It is a sad fact of life that many money-making schemes are actually less lucrative in practice than they are in theory. Take Canadian TV.
The business model looks sweet: Buy American shows and resell them to Canadians. If Canadian viewers happen to watch the show on a U.S. channel, the Canadian outfit gets to substitute their broadcast of the show and the ad dollars and tax advantages roll in. See, it’s rigged to favour Canadian commercial TV. Plain rigged.
In return for doing business in a rigged system, the players are obliged to create and air some Canadian content. Give back, just a little. Just a little. How could anything go wrong?
Yet the sound that emanates from the Canadian TV industry these days is one long wail of woe. There’s no money in it, they say.
Looking at what the big three in Canada – Rogers, Bell Media and Shaw – have been up to, it seems the once-secure money-making scheme is now a dead loss. Entire channels have been gutted, shows cancelled and staff made redundant. The series Seed is cancelled; MuchMusic shrunk to almost nothing and current-affairs show W5 diminished in staffing and episodes. To cite just a few.
The phrase “mounting losses” has been thrown around. Only a fool would get into the TV racket, we’re told. And the fool would end up broke.
A top person at Rogers told the CRTC a few months back, “It is shocking, how dramatically the industry has changed.” A top person at Bell Media explained the gutting of the MuchMusic channel by saying, “Kids do not watch music videos on television. You’re not going to wait for somebody to program a music video when you have a million available on Vevo.”
Well there you go. Apparently this Internet thing crept up on everybody and changed everything. While they were dozing or something. Or cackling about the pile of money they used to make. And, wouldn’t you know it, the CRTC was also caught off-guard by this Internet thing.
And then, of course, in the arena of excuses for the apparent collapse of this sure-thing money-making scheme, along come the millennials. They won’t watch TV at the required day and time. Hell, no. Also, they don’t like paying to watch things. Parents can take care of that issue, but some decline the responsibility, being as sick and tired of millennials as the Canadian TV industry is. Also, there’s Netflix. Loads of shows and a few bucks a month. Who saw that coming? You’d need eyes in the back of your head.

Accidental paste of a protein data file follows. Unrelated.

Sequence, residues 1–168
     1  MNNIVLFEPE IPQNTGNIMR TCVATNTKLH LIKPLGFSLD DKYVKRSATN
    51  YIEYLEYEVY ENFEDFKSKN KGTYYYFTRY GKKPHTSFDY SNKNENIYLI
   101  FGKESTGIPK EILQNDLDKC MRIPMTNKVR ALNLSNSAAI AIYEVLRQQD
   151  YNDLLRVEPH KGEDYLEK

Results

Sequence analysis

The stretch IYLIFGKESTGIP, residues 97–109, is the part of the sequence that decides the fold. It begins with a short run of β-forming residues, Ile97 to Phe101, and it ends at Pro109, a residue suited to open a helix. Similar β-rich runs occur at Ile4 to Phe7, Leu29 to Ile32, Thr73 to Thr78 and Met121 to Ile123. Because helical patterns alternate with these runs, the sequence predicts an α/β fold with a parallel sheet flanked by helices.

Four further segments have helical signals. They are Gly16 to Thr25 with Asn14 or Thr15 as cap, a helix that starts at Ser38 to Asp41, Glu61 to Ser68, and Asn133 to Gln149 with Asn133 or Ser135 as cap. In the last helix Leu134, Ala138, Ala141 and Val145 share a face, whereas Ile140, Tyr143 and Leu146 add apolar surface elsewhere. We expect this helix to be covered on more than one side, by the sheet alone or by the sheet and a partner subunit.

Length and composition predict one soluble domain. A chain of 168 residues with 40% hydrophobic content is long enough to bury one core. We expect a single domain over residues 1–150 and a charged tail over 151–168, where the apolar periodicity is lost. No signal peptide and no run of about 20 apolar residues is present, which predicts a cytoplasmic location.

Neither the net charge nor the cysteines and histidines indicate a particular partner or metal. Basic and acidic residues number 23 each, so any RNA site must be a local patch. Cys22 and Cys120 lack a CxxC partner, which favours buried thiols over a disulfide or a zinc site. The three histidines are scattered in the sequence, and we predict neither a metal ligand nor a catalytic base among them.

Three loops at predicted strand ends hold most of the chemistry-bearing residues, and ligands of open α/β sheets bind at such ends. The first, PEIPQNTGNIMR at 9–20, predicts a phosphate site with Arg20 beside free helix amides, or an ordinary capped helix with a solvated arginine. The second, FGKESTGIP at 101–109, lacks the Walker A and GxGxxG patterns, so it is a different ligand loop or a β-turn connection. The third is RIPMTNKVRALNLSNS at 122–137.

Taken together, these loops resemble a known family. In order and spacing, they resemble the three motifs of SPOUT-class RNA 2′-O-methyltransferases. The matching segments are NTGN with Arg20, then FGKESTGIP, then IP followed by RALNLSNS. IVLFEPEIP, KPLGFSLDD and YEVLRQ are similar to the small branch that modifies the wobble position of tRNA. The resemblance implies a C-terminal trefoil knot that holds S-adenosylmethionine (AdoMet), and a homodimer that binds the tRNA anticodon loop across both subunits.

At the same time – and here’s the real puzzler – there seems to be an awful lot of money floating around in the Canadian TV racket. An awful lot. BCE’s $3.4-billion purchase of Astral Media. Rogers’s whopping $5.2-billion purchase of NHL rights. No multibillion-dollar deals from Shaw, but Shaw Media announced this summer it will apply to the CRTC for a licence to run Global News 1 as a national, all-news cable channel. And of course, Shaw has eight new U.S. series, purchased from U.S. networks and studios. None of this comes cheap.
The upshot is that while the Canadian TV racket is crying poor and moaning about the pesky Internet ruining its sure-fire business model, there is loads of dough going around and around. Crisis, what crisis? Surely, in reality, it’s simply about adjustment and evolving.
Look at what’s been happening in programming. Police procedurals. That’s what’s been happening. Either purchased and resold to Canadians or grudgingly created and aired as part of the give-back, just a little, obligation. Mainly police procedurals that would be of deep and abiding interest to people who haven’t actually seen The Killing, True Detective or Breaking Bad and, therefore, know no better. It is a sad fact of life that companies that operate for years in a rigged system, with guaranteed money-making revenue streams, fail to be nimble, bold, original and risk-taking. And then cry poor. Take Canadian TV.
(Bravo, 9 p.m.) is a new, dour drama from TNT, an outfit that usually offers lighter fare such as Rizzoli & Isles and Major Crimes. Here Sean Bean stars as Martin Odum, an undercover operative who is famous for disappearing into his undercover persona. At the start he’s winding up months of infiltrating a right-wing militia. The plot revolves around a vague conspiracy theory that seems centred on the possibility that Martin Odum doesn’t exist at all, but is just another identity assumed by the mercurial agent. It’s all a bit obvious and unsubtle, with some jarringly dull dialogue. Enjoyable stuff if you want your spy drama uncomplicated and violent.
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